Perhaps Webster's vendor does not offer accessible teller machines, but an ATM manufacturer in Canada does. In 1997 NCR, a Canadian company that specializes in data and financial transaction processing equipment, made available what they claim is the first audio banking machine. They are currently being installed in Canada. Curtis Chong, Director of the Technology Department of the National Federation of the Blind, forwarded a press release to me. It was dated October, 1997, and said that NCR's banking machines were designed and developed in conjunction with the Canadian National Institute for the Blind and the Royal National Institute for the Blind as consultants. Apparently these ATMs have headphone jacks available for anyone who wishes to use personal headphones to conduct audio-assisted electronic transactions.

This article is not intended as an endorsement of NCR's product line; I have never used one of its ATMs. But this press release demonstrates that access technology for ATMs is currently available. I trust that, when a few large banks begin using audio-assisted electronic banking machines, it won't be long before other banks follow.

While the actions and attitudes of Webster Bank devalue the blind customer, they are not atypical. I called four other banks in Connecticut (Fleet Bank, Peoples Bank, Chase Manhattan Bank, and Nutmeg Federal Savings and Loan) as well as three in New York (Bank of New York, Chase Manhattan Bank, and Putnam Valley Savings and Loan), and none offered blind-accessible banking machines. I did have some very entertaining discussions about the logic and value of Braille keypads on drive-through ATMs, but found no answers to accessibility issues. Clearly the technology is now available for blind access to electronic teller machines. So call your local banks and ask about accessible ATMs and why they don't have them. Repeated requests will encourage and motivate banks to bring about the changes that we must insist on.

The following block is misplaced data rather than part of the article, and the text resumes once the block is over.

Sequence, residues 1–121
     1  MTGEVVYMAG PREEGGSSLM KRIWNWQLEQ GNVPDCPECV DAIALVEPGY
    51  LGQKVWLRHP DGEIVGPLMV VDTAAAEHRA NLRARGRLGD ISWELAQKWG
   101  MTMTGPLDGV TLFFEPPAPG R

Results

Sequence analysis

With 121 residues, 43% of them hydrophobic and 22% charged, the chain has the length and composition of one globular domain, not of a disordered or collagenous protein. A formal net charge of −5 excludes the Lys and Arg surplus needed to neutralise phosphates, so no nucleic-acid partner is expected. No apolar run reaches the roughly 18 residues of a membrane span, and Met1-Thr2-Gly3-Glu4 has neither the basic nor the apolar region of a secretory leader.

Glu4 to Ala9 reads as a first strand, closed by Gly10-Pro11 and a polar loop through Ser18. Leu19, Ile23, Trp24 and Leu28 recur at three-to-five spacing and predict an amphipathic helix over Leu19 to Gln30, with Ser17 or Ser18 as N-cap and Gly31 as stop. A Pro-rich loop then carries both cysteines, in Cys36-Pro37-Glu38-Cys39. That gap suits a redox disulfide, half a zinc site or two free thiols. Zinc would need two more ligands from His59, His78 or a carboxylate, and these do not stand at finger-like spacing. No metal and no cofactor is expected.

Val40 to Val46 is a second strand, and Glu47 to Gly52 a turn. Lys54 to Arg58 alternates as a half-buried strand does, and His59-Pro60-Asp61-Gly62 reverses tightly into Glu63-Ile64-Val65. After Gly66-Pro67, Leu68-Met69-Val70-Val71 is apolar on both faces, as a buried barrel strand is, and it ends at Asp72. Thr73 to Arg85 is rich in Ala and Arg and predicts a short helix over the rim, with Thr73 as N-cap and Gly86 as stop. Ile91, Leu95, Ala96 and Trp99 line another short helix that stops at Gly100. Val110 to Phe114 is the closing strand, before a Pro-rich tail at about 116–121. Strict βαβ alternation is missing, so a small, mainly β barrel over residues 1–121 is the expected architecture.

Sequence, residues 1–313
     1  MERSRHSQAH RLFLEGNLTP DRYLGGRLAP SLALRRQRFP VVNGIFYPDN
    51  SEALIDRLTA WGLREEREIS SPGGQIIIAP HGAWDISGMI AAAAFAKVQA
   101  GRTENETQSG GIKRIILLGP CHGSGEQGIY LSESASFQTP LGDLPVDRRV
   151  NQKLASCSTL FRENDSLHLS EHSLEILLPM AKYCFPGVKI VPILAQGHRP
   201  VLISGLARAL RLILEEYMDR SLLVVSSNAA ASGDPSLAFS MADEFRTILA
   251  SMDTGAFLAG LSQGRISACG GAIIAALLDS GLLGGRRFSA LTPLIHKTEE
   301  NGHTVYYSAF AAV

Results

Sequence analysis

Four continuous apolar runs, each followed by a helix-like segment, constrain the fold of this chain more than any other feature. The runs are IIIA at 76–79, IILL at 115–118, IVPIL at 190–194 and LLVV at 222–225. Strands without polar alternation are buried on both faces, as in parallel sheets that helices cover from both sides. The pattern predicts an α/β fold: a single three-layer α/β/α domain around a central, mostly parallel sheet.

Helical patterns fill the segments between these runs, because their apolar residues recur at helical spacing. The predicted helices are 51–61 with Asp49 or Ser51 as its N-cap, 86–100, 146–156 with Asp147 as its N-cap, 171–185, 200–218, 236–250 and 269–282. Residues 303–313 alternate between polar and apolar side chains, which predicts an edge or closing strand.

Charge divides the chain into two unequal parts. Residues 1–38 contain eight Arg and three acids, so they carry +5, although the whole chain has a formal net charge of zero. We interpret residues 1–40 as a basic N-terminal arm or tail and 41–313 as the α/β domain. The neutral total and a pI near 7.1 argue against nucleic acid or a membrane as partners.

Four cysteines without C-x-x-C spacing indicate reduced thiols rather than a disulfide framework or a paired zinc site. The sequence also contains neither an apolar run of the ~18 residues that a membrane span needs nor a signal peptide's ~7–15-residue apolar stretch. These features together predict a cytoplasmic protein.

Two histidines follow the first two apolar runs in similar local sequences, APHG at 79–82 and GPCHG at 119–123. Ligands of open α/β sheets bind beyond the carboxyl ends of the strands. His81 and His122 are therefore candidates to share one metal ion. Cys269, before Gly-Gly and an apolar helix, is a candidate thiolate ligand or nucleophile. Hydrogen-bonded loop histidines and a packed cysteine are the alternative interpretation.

That's what Dr. Kuell sent the Monitor Editor. I turned to Curtis Chong for a bit more background. We conclude this article with Mr. Chong's comment:

"My discussions with NCR indicate that building in voice-output is not a trivial task, given the way the current crop of ATMs is designed. However, what NCR does have available is a voice toolkit which facilitates the incorporation of voice-output into custom ATM applications. This is extra work, which the local banks would have to arrange to have done.

"Should we wait for standards from the Access Board? My sense is that we should not. The problem is fairly simple to solve technically. However, so far no one has had the will to solve it."

Perhaps if the organized blind begin putting pressure on banks across the country to solve the ATM-access problem, everyone will discover that there is good reason to purchase the Canadian technology or develop alternatives. We certainly have nothing to lose by trying.